Unseemly IEP Team Member: “The Liar”
Published on June 20, 2009 by Jennifer Laviano
Let me start by saying that, while I have unfortunately seen my share of dishonesty on the part of many IEP Team Members over the many years I have been practicing special education law on behalf of children, usually it comes in the form of misleading comments, convenient omissions, or minor misrepresentations when the individual feels cornered by the parent or the special education director. This isn’t the type of dishonesty I am talking about when I refer to The Liar.
The Liar is blatantly dishonest, willing to not only switch positions 180° from what he told the parents privately to what he says in the IEP Meeting, but to deny ever having taken the opposite position in the first place.
It is extremely difficult for me to sit still when I witness The Liar slither around an issue of dispute at an IEP Team Meeting, but my discomfort does not even compare to the reaction my clients have. Connecticut being a small State, I can at least sometimes warn my clients in advance if I know I’m walking into a meeting with a notorious Liar. “Don’t lose your cool,” I’ll tell them, “just write me a note giving me the truth, or tell me we need to step out into the hallway to talk.” Even with these warnings, I sometimes have to physically prevent some of my clients from jumping out of their seats and yelling “YOU ARE SUCH A LIAR!!!”
When I talk to new clients, or to people outside of the special education legal community, and tell them that there are serious Liars working in our public schools, they sometimes don’t believe me.
Sometimes I’ll be on the phone with a prospective client, who will say “even the special education teacher told me that she completely agreed that he needs 1:1 speech therapy.” And after getting the details of the exchange (estimated date, name of the teacher, context of discussion, where it took place) I will usually say “well, that’s good to know, and I hope she is willing to admit that publicly or under oath.” When the response is “well, you don’t think she’d lie about it do you, that’s exactly what she told me!” a part of me winces. I tell them that I am jaded and cynical, and I really hope I’m wrong, but that I see it all the time.
When “push comes to shove,” when a statement is made to a parent that could genuinely harm the school district’s case, in my experience, the person who made denies it 90% of the time.
Now, don’t get me wrong; parents can lie too, and I’ve had a few experiences over the years where I’ve discovered that it was my own client who was the source of dishonesty. When that has happened, I’ve often terminated my representation of them. In addition, there are misunderstandings in life. Sometimes a caring teacher will make a comment to a parent like “I understand why you think he needs to be in a private placement,” and in fact, she does. That does not necessarily mean that the teacher believes the school district’s program is inappropriate.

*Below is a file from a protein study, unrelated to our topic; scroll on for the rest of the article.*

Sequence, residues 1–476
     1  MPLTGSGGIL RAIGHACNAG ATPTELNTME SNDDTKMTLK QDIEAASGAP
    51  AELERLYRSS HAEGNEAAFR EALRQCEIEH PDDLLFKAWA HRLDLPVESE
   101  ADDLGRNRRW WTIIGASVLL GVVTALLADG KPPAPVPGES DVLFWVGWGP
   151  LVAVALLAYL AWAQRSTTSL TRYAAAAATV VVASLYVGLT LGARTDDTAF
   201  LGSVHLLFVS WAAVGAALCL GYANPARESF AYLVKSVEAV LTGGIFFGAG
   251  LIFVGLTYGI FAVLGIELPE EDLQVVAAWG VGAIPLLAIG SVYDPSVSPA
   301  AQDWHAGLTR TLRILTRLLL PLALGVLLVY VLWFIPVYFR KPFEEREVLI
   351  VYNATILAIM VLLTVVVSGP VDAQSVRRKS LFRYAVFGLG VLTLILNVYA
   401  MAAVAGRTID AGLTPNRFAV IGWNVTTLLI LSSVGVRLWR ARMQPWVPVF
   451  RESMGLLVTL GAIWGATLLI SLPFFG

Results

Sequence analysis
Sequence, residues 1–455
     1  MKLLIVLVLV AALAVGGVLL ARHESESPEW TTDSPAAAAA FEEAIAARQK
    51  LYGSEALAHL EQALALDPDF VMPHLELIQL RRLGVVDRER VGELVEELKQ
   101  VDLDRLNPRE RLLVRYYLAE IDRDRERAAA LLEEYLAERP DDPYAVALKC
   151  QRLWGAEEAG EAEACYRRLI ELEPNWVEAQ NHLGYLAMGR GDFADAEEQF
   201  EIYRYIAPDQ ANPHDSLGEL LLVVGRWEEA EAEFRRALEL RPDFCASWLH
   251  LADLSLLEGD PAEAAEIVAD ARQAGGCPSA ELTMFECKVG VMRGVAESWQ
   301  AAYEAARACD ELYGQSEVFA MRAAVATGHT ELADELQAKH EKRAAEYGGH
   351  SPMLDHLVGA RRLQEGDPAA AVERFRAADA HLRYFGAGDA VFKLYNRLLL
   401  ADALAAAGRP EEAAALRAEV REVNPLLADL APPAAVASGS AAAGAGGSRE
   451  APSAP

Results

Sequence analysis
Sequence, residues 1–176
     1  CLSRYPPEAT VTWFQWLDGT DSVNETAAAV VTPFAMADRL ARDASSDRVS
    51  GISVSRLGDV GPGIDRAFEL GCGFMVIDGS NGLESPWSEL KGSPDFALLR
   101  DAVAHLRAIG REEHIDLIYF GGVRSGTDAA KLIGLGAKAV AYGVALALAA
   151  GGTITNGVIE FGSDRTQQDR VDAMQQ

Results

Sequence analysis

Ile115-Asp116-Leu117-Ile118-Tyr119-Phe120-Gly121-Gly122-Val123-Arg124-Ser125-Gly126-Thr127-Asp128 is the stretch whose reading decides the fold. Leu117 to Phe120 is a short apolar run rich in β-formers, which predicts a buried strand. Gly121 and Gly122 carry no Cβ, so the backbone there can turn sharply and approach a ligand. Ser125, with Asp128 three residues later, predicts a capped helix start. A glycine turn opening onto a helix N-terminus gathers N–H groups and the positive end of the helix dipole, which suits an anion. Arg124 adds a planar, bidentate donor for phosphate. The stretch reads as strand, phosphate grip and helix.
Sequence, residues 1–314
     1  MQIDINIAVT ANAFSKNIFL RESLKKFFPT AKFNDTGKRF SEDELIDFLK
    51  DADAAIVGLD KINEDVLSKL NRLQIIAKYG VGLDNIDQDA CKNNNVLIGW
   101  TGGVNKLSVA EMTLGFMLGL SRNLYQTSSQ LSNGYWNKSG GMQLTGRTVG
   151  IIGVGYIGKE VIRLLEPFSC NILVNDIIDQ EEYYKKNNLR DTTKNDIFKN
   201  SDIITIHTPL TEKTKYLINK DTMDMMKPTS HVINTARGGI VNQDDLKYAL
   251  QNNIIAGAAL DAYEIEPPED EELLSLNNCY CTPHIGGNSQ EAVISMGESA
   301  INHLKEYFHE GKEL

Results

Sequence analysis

Yet, when a school district is exposed to potential litigation, all bets are off, and flat-out lying does occur.
I have been doing this long enough to know the kinds of questions to ask, and to get a feel for people; not always, but most of the time, I can tell if someone is lying to me. In addition, I sometimes represent a number of children within the same district, even within the same program in the same district. So when I am at one IEP Meeting and the staff is telling the parents that none of the other students in the class use augmentative communication devices, and I happen to have a client in that very classroom who uses an augmentative communication device, I KNOW they are lying.
Thankfully, the full-fledged Liars are in the minority in our public schools, but they do real harm.
It really is an outrage, and it is part of why I tell parents to document all important discussions they have with the school district staff. I can’t tell you how many parents I have witnessed undergo shock and disappointment when they hear the school staff lie to their faces at an IEP Team Meeting. Worse still is the realization that someone who is working with their child is willing to outright deny their conversations with them.
The truth is, if you are unwilling to be honest about the needs of children with disabilities, you have no business working with them.